Immigrants seeking U visas are being blocked by two sergeants who were previously involved in controversial shootings and on the verge of being fired.
This story was originally published by Injustice Watch, a nonprofit newsroom focused on issues of equity and justice in the courts.
After his brakes started acting up on I-94 one night in November 2021, tractor-trailer driver Nodirjon Zakirjonov decided to pull over to the side of the road in the Pullman neighborhood to fix the problem. But in the middle of his repairs, the 30-year-old was suddenly struck on the head and knocked unconscious. When he came to, he felt his abdomen “burning.” He’d been stabbed and robbed.
The assault left the immigrant from Uzbekistan with a ten-inch scar across his torso and deeper trauma. For months, he struggled to drive long distances, and any slight mishap on the road triggered a panic attack.
“I was living in a horror film,” he said in a recent interview.
Zakirjonov found it hard to talk about the assault, but eventually he confided in his friends, and one of them suggested that he apply for a U visa.
A U visa offers temporary legal status and a path to citizenship for undocumented immigrants who were victims of certain crimes and who are considered to be helpful or “likely to be helpful” to law enforcement. Congress created the visa program in 2000 to encourage undocumented immigrants to report crimes and help law enforcement better serve immigrant communities.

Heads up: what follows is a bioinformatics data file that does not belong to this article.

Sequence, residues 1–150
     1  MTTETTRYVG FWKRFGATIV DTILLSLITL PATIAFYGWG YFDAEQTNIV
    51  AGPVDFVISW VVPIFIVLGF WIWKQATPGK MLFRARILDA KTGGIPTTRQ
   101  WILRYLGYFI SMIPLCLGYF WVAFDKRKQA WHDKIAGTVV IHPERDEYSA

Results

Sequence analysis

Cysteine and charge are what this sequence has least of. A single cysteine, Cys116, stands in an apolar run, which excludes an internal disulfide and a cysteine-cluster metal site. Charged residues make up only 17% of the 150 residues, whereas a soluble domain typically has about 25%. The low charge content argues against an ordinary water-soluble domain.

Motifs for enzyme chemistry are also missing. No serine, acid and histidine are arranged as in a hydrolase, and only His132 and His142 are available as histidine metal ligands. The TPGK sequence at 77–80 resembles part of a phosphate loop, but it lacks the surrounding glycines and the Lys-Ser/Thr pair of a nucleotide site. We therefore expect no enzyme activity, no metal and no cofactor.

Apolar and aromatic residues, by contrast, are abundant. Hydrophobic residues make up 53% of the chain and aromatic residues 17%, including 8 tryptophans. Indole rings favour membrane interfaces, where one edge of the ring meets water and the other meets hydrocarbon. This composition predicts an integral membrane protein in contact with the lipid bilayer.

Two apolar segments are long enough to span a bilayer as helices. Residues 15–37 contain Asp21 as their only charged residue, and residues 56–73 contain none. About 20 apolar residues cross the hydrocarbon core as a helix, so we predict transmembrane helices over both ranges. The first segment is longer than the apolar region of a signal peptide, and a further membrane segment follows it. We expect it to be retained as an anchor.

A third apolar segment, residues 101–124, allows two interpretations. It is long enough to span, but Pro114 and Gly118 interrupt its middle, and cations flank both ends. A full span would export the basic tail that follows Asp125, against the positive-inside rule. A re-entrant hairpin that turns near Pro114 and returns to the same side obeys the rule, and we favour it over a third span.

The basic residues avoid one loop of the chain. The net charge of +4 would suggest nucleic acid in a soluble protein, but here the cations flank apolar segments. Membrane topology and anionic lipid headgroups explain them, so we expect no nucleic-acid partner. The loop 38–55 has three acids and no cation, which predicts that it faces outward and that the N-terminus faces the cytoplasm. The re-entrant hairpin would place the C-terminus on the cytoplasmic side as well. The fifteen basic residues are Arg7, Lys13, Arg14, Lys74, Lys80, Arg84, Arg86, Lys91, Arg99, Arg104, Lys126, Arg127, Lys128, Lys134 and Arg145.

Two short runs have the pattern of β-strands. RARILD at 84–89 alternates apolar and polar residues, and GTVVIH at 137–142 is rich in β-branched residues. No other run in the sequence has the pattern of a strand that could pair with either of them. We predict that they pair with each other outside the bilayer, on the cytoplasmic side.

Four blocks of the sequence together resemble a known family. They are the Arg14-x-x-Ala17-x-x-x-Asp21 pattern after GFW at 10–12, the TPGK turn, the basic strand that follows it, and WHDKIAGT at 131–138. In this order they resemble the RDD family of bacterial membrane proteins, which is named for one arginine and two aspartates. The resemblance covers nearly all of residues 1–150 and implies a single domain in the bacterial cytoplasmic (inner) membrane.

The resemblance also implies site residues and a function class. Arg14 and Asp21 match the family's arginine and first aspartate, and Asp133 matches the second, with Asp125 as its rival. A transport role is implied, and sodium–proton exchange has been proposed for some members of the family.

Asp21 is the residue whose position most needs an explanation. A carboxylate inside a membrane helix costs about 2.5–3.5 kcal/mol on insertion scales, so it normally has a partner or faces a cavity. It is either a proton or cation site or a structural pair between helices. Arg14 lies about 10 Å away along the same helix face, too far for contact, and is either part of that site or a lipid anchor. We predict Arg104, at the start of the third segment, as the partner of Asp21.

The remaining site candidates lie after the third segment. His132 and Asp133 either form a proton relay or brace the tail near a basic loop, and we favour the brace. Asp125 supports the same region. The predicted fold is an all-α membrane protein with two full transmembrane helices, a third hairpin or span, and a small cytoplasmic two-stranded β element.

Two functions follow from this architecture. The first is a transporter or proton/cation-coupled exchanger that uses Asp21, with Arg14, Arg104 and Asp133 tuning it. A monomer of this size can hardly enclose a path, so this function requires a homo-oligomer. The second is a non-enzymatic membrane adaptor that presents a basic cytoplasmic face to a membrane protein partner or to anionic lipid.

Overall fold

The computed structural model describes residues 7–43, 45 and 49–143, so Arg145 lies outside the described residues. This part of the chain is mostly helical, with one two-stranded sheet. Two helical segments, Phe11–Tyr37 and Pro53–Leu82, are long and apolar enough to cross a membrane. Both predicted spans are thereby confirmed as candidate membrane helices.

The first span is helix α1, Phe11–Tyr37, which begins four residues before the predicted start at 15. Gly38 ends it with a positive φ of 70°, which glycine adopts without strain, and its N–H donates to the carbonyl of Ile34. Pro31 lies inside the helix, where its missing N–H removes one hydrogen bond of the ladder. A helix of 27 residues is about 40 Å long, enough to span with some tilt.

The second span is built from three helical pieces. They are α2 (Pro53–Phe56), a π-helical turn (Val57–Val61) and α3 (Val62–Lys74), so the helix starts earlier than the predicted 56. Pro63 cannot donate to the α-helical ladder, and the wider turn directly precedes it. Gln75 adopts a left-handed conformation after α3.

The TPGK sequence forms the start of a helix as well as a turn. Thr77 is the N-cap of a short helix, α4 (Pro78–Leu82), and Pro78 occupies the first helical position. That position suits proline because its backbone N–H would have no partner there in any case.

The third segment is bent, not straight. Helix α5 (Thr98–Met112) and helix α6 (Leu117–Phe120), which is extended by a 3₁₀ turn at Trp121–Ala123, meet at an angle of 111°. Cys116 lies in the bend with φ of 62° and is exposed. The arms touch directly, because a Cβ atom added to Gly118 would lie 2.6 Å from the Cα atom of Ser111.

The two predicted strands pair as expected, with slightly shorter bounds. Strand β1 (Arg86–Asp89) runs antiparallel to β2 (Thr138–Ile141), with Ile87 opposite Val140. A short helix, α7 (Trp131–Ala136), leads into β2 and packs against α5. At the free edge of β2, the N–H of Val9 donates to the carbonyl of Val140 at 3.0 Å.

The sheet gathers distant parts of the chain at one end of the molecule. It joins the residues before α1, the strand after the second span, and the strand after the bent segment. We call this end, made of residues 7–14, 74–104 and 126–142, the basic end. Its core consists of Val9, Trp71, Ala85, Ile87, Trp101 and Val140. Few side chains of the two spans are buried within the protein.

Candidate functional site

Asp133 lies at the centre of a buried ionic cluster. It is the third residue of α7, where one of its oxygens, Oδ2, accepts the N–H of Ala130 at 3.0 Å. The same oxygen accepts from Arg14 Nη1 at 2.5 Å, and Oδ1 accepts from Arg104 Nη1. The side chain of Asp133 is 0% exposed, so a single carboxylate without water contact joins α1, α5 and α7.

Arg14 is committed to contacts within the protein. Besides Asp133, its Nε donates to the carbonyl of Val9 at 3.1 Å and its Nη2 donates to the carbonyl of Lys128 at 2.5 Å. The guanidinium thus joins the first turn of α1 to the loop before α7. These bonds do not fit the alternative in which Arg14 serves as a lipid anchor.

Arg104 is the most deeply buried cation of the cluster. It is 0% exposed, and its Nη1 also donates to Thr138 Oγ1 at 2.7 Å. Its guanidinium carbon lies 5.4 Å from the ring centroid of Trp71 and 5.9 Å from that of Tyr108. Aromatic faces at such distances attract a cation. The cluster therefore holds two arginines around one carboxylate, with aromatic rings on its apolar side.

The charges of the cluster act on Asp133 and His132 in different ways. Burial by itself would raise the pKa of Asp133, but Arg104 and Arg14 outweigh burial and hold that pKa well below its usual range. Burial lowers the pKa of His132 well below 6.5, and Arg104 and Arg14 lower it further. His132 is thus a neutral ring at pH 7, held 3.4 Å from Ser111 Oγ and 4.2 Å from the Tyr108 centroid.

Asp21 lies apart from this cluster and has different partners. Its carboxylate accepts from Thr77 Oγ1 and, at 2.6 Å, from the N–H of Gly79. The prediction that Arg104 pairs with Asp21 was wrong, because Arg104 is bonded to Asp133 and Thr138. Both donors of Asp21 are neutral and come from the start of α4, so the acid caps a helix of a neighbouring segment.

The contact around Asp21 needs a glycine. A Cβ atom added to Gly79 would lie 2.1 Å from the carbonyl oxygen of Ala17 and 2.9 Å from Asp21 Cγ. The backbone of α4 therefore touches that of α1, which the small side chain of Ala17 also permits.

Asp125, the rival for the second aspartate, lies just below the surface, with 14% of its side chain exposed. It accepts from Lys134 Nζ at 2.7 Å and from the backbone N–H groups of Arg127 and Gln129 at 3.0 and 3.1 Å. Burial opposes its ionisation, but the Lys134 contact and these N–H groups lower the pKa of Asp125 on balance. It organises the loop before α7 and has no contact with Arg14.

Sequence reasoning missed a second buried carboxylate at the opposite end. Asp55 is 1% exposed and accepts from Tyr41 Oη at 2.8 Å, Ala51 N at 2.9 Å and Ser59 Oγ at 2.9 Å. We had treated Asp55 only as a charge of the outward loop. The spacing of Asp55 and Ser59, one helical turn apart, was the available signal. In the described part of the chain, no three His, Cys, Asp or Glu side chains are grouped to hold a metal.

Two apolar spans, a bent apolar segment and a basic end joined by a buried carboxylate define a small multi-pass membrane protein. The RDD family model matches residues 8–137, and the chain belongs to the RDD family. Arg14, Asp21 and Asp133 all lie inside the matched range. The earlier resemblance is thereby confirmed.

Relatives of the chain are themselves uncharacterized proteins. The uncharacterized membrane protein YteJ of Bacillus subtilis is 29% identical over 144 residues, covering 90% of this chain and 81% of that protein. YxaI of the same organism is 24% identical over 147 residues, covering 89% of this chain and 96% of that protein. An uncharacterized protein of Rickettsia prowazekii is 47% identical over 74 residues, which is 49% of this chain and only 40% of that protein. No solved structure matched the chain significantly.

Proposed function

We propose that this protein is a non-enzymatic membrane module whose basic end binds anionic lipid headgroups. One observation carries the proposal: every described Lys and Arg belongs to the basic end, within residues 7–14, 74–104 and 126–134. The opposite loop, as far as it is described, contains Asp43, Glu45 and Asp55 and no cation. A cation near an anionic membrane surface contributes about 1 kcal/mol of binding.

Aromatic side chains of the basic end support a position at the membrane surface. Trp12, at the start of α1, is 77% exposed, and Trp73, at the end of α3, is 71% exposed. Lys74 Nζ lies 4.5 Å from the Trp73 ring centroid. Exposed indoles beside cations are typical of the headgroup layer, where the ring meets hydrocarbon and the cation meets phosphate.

Zakirjonov immigrated to Chicago on a student visa but lost his legal status after graduating from Concordia University Chicago with a master’s degree in 2020. A few months after the assault, Zakirjonov contacted an immigration attorney to apply for a U visa. But before he could submit his application, he needed the Chicago Police Department to certify that he was indeed a qualified crime victim who had cooperated in their investigation. His lawyer, Julia Sverdloff, mailed his certification request to CPD in April. She was confident he’d get certified.
But what should have been a straight-forward process turned into a monthslong nightmare.
First, police officials said he needed to prove his identity. Then they told him that a detective had tried to reach him to no avail. After Zakirjonov sent a sworn affidavit promising to help investigators, CPD denied him a third time, telling him that he needed to call detectives and ask them to reopen his case. An open investigation isn’t a requirement for police to sign a U visa certification, but Zakirjonov did as he was told. He met with detectives in August, and they reopened his case. But CPD denied him again the next month, saying he didn’t have “credible and reliable information” about the crime.